There are over 500 sport climbs between Sinks, Fossil, and The Iris, making the retro-bolting of the routes a monumental task. All labor for the job will be donated, but the total replacement cost of materials is estimated to be around $22,000. Keep in mind that this is Wyoming, the least populated state, and second only to Alaska as the lowest population density (As a comparison, Fremont County, where all of these sport climbs are found, is approximately the size of New Hampshire, but the entire population is less than 42,000.) For years, BARF has been supported by local businesses like Wild Iris Mountain Sports and the Lander Bar, but the largest contribution has come from the collective ten and twenty dollar donations of individual donors. With the second lowest GDP in the nation, this makes the expense of rebolting the entire area hard on the local climbers and businesses.
To assist in this effort, in 2013 BARF teamed up with the American Safe Climbing Association. BARF also joined forces with Lander's International Climbers Festival, and generous sponsors like Metolius have given support in the form of much needed equipment. However, we won't be able to pull this off without the help of visiting climbers. 
Thousands of climbers visit these areas and make use of the equipment each year. Wild Iris, Fossil Hill, and Sinks Canyon are some of the few climbing areas in the United States where pulling on pockets is the norm, while the remote, alpine settings of the crags make just hanging at the base a pleasure. In short, the areas to be rebolted are an American treasure of climbing. If you plan on visiting the region, please help us out with this task. One hundred percent of all tax free donations will go to new anchors you will be able to use on your next trip.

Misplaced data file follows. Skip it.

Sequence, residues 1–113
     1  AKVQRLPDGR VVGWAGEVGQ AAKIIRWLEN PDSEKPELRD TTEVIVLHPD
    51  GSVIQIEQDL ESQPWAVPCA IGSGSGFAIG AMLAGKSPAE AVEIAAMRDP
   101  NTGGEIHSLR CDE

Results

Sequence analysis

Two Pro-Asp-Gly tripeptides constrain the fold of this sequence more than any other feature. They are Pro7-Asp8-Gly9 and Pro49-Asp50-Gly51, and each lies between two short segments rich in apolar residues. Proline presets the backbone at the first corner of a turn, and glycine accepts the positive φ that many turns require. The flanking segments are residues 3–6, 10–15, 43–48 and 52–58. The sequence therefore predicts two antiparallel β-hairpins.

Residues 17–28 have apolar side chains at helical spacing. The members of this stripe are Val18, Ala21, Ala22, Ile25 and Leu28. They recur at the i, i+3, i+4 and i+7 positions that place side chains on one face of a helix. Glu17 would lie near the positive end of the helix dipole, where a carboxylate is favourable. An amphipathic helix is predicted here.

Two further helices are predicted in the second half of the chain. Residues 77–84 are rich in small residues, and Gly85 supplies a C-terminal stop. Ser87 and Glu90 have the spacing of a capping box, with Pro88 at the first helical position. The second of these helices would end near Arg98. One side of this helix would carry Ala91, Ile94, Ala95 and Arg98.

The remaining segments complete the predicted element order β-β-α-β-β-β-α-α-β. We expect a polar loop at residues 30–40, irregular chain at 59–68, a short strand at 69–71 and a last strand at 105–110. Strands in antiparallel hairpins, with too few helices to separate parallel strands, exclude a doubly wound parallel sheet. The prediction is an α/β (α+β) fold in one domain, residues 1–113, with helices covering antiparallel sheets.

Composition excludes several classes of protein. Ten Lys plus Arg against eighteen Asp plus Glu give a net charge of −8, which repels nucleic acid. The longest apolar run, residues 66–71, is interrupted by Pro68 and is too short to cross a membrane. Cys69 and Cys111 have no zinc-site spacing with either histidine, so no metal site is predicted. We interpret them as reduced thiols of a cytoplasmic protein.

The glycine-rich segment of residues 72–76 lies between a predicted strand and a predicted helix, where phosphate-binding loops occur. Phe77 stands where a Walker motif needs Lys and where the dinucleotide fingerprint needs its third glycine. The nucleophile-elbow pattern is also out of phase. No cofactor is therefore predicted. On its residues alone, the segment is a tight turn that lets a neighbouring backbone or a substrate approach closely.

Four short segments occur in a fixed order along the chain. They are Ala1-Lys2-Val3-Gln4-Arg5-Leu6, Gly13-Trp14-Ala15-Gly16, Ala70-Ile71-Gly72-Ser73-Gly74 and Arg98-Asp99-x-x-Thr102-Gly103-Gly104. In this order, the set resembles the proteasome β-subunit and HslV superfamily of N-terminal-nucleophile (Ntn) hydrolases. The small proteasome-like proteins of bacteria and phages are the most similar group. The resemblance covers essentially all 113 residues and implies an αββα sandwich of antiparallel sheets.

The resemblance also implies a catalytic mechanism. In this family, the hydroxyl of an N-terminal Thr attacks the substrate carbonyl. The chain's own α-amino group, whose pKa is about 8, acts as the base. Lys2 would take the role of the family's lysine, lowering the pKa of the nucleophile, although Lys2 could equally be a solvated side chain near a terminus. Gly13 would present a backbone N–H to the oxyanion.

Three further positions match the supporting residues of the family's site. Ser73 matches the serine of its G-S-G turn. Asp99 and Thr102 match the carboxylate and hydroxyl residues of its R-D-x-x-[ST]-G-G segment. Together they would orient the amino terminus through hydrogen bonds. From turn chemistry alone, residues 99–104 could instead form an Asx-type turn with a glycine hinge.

We hope to see you at the crag.
Sam Lightner Jr.
President, BARF
*Mechanical anchors will be placed when routes are rebolted at temperatures below the recommended curing range of the epoxy.

Photo Caption: A few bolts taken from Wild Iris and Sinks in 2013. Note that the Metolius hangers, made of 304 grade stainless steel, can still be recycled into the replaced bolts. The obsolete galvanized bolts have completed their working life. 
1
Add a comment...

Metolius Climbing

Shared publicly  - 
 
Metolius Dyno Comp at the Red Rock Rendezvous. Climber - Jenna Wang. Video - Eric Wang.
1
Add a comment...
 
Long time team member Beth Rodden is now contributing to our online how to guides with a special segment called Beth's Wall where she will share her years of climbing experience and knowledge.
1
Add a comment...

Metolius Climbing

Shared publicly  - 
 
We did some filming yesterday at the Bend Rock Gym with Olivia Brumwell one of our talent young Metolius ambassadors. 
4
Add a comment...
Contact Information
Map of the business location
63189 Nels Anderson Rd Bend, OR 97701
63189 Nels Anderson RdUSORBend97701
(541) 382-7585metoliusclimbing.com
Entertainment and Recreation, ManufacturerToday 9:00 am – 5:00 pm
Monday 9:00 am – 5:00 pmTuesday 9:00 am – 5:00 pmWednesday 9:00 am – 5:00 pmThursday 9:00 am – 5:00 pmFriday 9:00 am – 5:00 pmSaturday ClosedSunday Closed
Manufacturer and distributer of rock climbing equipment.
Google+ URL
People
Have them in circles
47 people
Write a review
Review Summary
Be the first to review
People talk about crash pads, rope bags, bouldering and carabiners
Photos
Scrapbook photo 2
Upload public photo
Your Activity
Reviews from around the web